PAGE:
Often in parenting circles things are discussed in such a way that everyone assumes something is real. I’ve found this to be the case with sleep regressions. Not to toot my own horn, but my client count is now pushing 5,000 families. After working with so many babies I started to wonder, are baby sleep regressions real? Certainly there are times when babies have a marked shift in their sleep habits, such as during the infamous four month sleep regression, but are there truly other sleep regressions for all babies? Do they always happen at the same time?

4 month baby asleep

Photo credit: Jenna Norman

What are sleep regressions?

I think the term “sleep regression” is a misnomer. Instead, I like to explain to parents that there will probably be a reason your child doesn’t sleep well at night about every 4-8 weeks. If you think about your own sleep, perhaps there are times about every month, or every other month, that for some reason you just don’t sleep well at night. Babies and toddlers experience this too!

And the fact of the matter is that all sorts of things disrupt a child’s sleep. It can be separation anxiety, illness, or just a random wake up. Babies are mini-versions of a set of traits and tendencies that will eventually turn into the adult version of who they are.

Some humans are more sensitive, and if they’re woken up for any reason overnight, they may seriously struggle to fall back to sleep. They may sincerely struggle sleeping in new places, or out and about where there is a lot of noise.

Personally, I am deeply frustrated by my immensely sensitive sleep nature. Recently I spent the night at a cabin with many other friends. This rather rustic cabin had less than comfortable bedding and I stupidly picked the top bunk, which meant I couldn’t easily go to the bathroom or retrieve my forgotten Chapstick. In 100% honesty, I never fell asleep the entire first night I was there! This was by far one of the most frustrating experiences of my adult life! I literally can not sleep on planes, in cars, or usually anywhere other than my own bed. If my spouse is snoring or moving too much, one of us (usually him ;)) moves to the couch.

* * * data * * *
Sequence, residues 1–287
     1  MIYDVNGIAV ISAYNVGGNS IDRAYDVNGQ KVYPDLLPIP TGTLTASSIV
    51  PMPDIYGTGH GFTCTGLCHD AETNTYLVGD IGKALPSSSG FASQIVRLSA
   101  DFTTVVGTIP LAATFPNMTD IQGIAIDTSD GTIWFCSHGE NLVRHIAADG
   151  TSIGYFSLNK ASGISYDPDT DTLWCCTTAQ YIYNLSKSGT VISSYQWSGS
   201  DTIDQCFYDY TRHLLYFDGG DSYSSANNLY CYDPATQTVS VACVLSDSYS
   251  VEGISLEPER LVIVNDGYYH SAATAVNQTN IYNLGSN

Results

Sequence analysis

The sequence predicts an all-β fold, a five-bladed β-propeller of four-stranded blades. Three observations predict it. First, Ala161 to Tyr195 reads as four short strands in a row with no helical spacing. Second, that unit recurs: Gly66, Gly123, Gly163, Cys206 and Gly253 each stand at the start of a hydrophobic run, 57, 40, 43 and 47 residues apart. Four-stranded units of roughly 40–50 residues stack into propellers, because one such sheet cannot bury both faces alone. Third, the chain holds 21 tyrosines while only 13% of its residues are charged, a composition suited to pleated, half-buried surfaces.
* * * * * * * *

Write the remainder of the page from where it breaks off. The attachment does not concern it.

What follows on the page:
If it’s not a sleep regression, then what is it?

I share these illustrative examples to help you as a parent understand that almost every time your child struggles with their sleep, it’s a lot more likely something other than a regression is disrupting their sleep.

In my extensive experience I have noticed two distinct periods when a child can go from sleeping normally to suddenly sleeping poorly – around 4 months and around 10/11 months.

Around 4 months of age, babies seem to suddenly mature into a more adult-like sleep pattern (meaning they wake at the end of each sleep cycle, and often when transitioning between stages within the same sleep cycle). And however they’ve been assisted to sleep for naps and bedtime, they require this same assistance to continue sleeping when they wake up. In this case, I wouldn’t even call it a true “regression” as much as a maturation.